The COVID-19 pandemic has changed the way we interact with people, things, and the world around us. A few months ago, we launched the Touch Less, Do More Challenge, calling on our community to build solutions based on Arduino Nano or MKR boards to enforce social distancing or enable touch-free technologies.
More than 1,000 participants submitted solutions to the contest in hopes of winning tens of thousands of dollars in prizes, including hardware from Newark, Dragon Innovation product assessment, and Hackster marketing support.
The judging panel — composed by Massimo Banzi (Arduino Co-Founder), Nishant Nishant (Avnet VP & Global Head of Digital), Benedetta Piantella (Design Researcher and Professor at NYU), Alessandro Ranellucci (Arduino Chief of Open Source Community) and Alex Glow (IoT Media at Hackster) — selected the best projects. Without further ado, here are your winners…
Buttons can be found everywhere from light switches and pedestrian crossings to elevators and kiosks. These buttons, however, can also be a catalyst in the spread of viruses. This led Swapnil Verma to come up with a gesture and IoT-based touchless interface that provides a simple, intuitive, and most of all, germ-free way of interacting with the digital world.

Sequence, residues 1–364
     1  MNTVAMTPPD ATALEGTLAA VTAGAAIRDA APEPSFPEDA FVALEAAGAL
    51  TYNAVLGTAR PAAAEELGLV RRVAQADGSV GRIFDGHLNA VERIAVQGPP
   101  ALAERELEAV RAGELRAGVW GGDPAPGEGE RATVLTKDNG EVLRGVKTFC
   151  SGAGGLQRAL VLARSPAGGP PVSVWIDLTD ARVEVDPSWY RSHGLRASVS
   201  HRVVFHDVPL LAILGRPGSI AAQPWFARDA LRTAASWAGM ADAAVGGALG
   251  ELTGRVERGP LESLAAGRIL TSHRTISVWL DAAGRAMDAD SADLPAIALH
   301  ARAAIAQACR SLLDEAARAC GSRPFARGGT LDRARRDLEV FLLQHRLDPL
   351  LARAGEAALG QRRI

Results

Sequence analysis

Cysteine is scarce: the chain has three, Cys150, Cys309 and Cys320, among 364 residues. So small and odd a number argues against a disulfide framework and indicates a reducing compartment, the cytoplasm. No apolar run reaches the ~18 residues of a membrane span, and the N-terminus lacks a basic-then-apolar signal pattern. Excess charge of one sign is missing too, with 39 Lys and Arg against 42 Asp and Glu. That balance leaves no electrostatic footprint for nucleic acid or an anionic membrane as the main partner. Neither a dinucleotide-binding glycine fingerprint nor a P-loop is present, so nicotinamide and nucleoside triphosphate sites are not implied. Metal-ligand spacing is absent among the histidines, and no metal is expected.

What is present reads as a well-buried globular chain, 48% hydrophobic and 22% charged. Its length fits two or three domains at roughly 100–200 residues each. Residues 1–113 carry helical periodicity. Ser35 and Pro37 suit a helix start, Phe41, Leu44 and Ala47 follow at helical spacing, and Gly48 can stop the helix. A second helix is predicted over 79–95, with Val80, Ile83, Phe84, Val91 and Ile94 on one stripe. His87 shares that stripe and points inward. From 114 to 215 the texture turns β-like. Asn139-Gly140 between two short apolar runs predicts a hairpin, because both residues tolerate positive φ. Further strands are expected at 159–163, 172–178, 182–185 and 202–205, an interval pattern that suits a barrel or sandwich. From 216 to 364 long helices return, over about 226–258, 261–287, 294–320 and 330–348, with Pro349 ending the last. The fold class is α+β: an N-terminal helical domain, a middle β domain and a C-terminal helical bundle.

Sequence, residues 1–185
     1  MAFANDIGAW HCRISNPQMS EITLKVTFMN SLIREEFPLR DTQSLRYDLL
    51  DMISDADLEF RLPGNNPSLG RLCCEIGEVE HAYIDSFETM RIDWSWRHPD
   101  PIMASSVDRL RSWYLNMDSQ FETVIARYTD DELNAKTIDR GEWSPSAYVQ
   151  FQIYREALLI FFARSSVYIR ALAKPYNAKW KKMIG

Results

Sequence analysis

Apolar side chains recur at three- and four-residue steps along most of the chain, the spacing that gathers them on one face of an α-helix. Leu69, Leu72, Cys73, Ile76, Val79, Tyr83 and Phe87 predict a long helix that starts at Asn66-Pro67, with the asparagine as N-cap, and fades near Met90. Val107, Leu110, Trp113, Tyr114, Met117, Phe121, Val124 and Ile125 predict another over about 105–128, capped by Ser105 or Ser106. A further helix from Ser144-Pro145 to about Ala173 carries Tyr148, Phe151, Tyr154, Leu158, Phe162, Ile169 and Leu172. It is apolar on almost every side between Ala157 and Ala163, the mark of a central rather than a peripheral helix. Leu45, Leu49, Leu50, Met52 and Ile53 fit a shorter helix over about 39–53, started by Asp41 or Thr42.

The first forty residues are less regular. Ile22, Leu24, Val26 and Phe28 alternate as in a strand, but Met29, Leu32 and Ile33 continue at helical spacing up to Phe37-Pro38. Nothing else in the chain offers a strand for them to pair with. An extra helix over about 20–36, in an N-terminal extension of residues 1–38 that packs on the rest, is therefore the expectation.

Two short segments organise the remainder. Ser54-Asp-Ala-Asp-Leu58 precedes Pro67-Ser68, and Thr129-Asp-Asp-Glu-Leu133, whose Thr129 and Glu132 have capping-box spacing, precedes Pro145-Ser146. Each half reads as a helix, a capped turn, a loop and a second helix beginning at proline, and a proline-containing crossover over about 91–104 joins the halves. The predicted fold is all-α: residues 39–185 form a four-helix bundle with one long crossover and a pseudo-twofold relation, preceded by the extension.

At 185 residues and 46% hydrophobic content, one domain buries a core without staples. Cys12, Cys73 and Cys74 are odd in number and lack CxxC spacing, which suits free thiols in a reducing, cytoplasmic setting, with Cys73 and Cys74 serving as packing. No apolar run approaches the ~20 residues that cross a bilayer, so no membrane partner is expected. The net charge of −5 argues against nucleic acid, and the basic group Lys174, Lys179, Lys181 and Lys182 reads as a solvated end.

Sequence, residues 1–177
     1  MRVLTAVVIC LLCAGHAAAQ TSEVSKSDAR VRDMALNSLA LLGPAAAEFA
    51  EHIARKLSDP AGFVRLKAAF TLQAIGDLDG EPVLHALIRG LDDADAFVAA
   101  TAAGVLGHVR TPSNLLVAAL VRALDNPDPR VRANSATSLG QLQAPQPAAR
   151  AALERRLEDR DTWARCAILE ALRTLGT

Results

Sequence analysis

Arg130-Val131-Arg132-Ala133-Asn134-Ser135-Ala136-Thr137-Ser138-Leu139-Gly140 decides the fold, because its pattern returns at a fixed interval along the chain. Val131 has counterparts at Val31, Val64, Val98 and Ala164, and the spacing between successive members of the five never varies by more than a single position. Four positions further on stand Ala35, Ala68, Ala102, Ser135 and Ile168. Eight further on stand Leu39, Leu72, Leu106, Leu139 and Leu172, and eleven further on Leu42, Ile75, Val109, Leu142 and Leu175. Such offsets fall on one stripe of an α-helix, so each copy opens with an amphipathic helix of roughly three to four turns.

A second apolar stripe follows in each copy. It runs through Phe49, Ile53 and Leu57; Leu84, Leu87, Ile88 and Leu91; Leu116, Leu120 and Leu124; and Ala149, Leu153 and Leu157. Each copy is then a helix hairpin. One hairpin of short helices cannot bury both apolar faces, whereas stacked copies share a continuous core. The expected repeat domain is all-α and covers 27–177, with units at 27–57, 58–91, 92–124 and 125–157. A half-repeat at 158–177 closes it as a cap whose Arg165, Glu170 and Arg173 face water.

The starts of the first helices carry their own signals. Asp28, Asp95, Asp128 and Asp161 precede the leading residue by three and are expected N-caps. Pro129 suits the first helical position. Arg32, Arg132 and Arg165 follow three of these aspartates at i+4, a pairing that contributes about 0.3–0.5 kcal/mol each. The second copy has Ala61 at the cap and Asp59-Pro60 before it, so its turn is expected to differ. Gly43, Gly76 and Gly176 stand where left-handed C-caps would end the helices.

Jean Perardel‘s Grumpy Hedgehog is a MKR WiFi 1010-controlled gadget that, thanks to an LCD screen, allows users to read and communicate through hand signs and movements. With GrumpyHedgehog, anyone can operate a send keyboard commands to a computer, track the number of patrons in a store on a smartphone, relay encrypted information to a server, turn on the lights, and much more.
15-year-old Dhruv Sheth has impressively designed an intelligent system comprised of six solutions that automate commonly used devices throughout homes and in public to prevent COVID-19 transmission. These solutions — which are built upon the MKR WiFi 1010 and Nano 33 BLE Sense — include a smart intercom, a temperature monitor, a voice-controlled elevator, a mask detector, a queue management system, and a sanitization system.
Social Distancing Category
draakje156‘s Nano-powered robot easily sits on a desk, cash register, or elsewhere to measure the distance between itself and any approaching person, emitting a light and sound alarm if someone comes within six feet.
2nd Place: Small Store Congestion Warning
Ever wish you could know how crowded a shop was before entering? With this in mind, Ian Mercer created low-cost storefront indicator to help at-risk individuals decide whether it’s a good time to go in or best to wait until later by tracking cell phone BLE traffic via a MKR WiFi 1010.